Holistic Theology/Spirituality

Martin Thorton speaks of the English tradition as a balance of affective and speculative elements.  I wonder if it’s worth going a step further and adding in the kinetic dimension. In reductionistic terms, then, it’d be theology and spirituality that balances and integrates heart, head, and body. The pay-off is that we recognize the bodily dimensions—kneeling, fasting/feasting, crossings, etc. as just as much a part of our theology and spirituality as what we think and feel.

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2 Responses to Holistic Theology/Spirituality

  1. Matt Gunter says:

    I like this, Derek. I think we tend to underestimate the formational reality of the kinetic dimension. I was just reading something along these lines in Untamed Hospitality by Elizabeth Newman.

  2. I think this is meaningful. I find myself wondering if this isn’t also something that was lost, or at least vitiated, with the coming of the current Prayer Book. That is, there were patterns of movement consistent to being an Episcopalian, at least regionally and certainly within a given congregation. It was often phrased, “Sit to listen; stand to praise; kneel to pray.” With the hard lean toward Eastern Christian practice as the oldest consistent practice, we added standing to pray, and commonly losing kneeling even for penance. There is also a pattern of movement in Orthodox churches, but is wasn’t one familiar to us. Moreover, many of us, myself included, were comfortable with individuals choosing their own patterns of behavior. On the other hand, neither did we teach that patterns of behavior could be a meaningful part of personal spirituality, nor talk about how an individual might think such a choice through.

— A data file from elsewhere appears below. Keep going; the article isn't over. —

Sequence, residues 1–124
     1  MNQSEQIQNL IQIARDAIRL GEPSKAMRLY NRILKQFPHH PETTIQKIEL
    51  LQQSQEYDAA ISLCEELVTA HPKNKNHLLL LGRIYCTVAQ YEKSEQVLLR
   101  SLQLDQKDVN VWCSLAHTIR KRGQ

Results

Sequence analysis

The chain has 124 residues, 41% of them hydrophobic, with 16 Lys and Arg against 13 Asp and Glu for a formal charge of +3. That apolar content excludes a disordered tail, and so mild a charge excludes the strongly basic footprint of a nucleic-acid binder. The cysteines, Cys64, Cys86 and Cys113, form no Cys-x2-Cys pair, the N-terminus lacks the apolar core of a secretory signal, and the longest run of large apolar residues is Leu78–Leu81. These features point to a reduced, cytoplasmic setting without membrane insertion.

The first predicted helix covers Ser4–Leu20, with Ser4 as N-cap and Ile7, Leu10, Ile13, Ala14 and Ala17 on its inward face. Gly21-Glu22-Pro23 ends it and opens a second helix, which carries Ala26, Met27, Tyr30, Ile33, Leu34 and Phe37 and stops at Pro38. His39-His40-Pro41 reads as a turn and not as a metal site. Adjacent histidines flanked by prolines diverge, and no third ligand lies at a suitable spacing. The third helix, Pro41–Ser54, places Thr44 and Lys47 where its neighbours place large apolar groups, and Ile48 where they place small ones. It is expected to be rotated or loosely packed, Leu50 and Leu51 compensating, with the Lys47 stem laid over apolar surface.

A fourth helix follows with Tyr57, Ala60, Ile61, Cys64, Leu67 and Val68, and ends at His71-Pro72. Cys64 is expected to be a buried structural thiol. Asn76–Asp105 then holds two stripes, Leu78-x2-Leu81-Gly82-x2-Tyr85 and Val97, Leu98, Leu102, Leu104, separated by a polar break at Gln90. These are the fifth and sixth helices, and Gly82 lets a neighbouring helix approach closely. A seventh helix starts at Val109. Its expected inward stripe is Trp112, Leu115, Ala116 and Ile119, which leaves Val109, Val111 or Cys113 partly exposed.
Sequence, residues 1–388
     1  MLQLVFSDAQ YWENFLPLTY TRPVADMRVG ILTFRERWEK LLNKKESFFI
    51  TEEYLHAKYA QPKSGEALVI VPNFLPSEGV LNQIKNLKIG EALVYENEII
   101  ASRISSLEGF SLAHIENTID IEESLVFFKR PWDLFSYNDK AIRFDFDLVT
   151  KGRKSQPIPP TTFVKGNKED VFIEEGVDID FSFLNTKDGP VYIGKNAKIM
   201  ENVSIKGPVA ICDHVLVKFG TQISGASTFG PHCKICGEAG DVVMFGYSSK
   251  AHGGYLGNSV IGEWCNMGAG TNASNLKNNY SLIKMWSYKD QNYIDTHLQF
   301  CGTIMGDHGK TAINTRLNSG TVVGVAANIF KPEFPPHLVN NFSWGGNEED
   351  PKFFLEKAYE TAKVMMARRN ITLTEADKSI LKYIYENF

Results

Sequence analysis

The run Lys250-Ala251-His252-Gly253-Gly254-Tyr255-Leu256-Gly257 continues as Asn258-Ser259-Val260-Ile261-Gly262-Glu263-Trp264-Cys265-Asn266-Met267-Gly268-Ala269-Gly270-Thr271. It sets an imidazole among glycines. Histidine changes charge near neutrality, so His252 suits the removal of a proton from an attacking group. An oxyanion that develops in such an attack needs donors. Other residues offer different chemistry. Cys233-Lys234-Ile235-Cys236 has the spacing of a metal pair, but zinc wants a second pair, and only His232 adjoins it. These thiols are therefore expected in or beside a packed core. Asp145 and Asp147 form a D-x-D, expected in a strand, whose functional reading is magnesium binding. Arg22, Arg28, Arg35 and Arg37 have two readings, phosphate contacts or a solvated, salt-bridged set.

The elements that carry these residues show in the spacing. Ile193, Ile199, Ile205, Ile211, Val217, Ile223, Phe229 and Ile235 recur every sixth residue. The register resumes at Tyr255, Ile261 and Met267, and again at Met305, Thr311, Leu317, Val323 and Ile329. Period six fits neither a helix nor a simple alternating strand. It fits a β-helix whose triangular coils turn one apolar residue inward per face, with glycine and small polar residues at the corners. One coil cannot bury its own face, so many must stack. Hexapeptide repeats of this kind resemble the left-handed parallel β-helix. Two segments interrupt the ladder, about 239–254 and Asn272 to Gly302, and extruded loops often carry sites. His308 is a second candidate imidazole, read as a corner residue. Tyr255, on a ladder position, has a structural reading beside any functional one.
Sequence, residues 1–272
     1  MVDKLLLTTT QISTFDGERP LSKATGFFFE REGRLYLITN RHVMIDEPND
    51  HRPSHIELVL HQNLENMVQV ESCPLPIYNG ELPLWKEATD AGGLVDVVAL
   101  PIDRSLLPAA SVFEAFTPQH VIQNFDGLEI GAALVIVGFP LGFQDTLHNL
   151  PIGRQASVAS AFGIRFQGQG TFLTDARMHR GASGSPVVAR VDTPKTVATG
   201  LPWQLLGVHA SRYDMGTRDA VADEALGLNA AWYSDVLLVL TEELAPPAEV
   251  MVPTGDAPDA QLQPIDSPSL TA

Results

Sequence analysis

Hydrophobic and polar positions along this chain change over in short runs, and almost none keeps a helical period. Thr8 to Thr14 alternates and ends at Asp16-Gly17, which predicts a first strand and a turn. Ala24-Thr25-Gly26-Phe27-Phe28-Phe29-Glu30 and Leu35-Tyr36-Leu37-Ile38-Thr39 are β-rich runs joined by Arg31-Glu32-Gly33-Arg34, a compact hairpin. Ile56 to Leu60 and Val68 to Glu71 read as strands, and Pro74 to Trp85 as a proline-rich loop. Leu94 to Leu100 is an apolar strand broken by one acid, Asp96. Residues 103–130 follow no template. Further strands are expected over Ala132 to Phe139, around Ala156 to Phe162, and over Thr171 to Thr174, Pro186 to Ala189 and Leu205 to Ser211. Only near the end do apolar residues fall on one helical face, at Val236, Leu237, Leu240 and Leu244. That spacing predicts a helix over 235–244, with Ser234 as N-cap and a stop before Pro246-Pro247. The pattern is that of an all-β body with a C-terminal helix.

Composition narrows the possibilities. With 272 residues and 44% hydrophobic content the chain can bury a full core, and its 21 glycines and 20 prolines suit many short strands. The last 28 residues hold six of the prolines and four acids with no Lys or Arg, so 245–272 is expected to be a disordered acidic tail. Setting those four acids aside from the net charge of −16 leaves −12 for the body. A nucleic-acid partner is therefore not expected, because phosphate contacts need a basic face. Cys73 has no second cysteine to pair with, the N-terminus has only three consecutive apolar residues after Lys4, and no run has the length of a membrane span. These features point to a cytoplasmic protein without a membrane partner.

There have been discussions, including here I think, of returning to our Benedictine roots and considering formation and spiritual discipline as means for bringing together our congregations and forming new members. I wonder how we might consider making some physical expressions of spiritual discipline part of our worship life.

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